Purpose. Dye-enhanced ab interno laser sclerostomy is a procedure recently described by Latina et al (1992) in which an electric current is used to drive ionic dye into corneal-scleral tissue. Subsequently a focused laser beam is aimed at the dye-labeled region, and a filter is created in ab interno fashion. Saraff and Lee (1994) have previously reported optimization of laser sclerostomy by optimization of probe construction and application time. However, as we shall demonstrate, the procedure could be further improved by selection of different electrical power sources and ionic dyes. Methods. By careful consideration of these two additional parameters, one can optimize the localization of the dye target, and thus increase the efficiency of the procedure. As described by Chuck et al (1995), use of a constant voltage power source, as opposed to one of constant current, results in greater local dye concentration. This theoretical model is discussed. Additionally, if one chooses dyes with low diffusion properties in the cornea-sclera, one can also improve localization. The relative rates of corneal diffusion of the common, clinically approved ionic dyes sodium fluorescein, its derivative Rose Bengal, methylene blue and indocyanine green were investigated. All four of these dyes conveniently have absorption peaks at readily available laser wavelengths. That is, they maximally absorb argon blue-green, dye yellow, dye red and 810 nm diode laser radiation, respectively. Results and Conclusions. The dye most often used for dye-enhanced laser sclerostomy, methylene blue, is the second most diffusible dye of the four, second only to fluorescein. Thus increased dye localization and procedure efficiency could be acheived by either application with constant voltage, and/or utilization of either Rose Bengal or indocyanine green and the appropriate laser source.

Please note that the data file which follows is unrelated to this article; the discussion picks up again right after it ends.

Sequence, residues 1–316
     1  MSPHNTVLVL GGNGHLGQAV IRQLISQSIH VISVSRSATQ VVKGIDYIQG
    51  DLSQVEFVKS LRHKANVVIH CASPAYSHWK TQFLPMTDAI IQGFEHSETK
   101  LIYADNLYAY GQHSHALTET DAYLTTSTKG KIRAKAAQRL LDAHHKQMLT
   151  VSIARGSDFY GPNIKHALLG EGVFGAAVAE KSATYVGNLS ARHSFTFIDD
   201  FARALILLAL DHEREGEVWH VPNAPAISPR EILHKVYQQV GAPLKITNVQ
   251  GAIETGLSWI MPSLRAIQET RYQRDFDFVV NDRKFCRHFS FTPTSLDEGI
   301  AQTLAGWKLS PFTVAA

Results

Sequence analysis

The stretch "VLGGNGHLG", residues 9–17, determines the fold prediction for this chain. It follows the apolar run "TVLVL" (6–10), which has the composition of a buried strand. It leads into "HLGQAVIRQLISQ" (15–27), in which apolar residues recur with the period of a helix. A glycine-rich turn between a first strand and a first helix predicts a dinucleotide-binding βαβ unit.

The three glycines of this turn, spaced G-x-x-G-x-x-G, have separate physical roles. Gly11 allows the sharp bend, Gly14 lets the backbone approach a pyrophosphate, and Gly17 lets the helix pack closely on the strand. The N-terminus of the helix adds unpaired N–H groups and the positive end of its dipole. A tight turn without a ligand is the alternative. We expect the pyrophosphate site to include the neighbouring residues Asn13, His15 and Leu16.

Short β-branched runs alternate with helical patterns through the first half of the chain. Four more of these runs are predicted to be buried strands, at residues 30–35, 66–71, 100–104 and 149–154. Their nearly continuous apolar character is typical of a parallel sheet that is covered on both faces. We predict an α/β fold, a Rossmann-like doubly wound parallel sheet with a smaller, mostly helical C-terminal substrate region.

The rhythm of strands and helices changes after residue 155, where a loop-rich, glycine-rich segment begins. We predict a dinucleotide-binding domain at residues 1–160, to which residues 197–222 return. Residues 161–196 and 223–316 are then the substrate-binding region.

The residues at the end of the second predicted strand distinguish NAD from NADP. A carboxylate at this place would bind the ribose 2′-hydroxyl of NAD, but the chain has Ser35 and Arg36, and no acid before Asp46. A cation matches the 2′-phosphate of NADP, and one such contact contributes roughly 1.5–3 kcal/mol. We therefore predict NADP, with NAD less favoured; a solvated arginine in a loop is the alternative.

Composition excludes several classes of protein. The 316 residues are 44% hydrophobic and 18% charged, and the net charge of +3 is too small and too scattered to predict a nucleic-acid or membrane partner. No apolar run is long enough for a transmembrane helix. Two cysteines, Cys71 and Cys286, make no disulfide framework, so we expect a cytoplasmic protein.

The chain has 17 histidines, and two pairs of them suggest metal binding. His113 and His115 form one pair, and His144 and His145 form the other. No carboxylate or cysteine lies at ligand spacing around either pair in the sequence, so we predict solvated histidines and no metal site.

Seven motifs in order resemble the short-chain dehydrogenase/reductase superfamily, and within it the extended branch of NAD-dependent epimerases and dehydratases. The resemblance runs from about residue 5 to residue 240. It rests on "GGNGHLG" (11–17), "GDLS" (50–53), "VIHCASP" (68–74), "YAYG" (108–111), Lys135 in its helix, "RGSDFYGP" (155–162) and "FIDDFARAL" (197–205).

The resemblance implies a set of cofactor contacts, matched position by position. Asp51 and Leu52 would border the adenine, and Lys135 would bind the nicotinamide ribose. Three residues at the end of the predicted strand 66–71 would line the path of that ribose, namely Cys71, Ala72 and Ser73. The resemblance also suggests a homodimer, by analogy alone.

|Original language||English (US)|
|Journal||Investigative Ophthalmology and Visual Science|
|State||Published - Feb 15 1996|
ASJC Scopus subject areas
- Sensory Systems
- Cellular and Molecular Neuroscience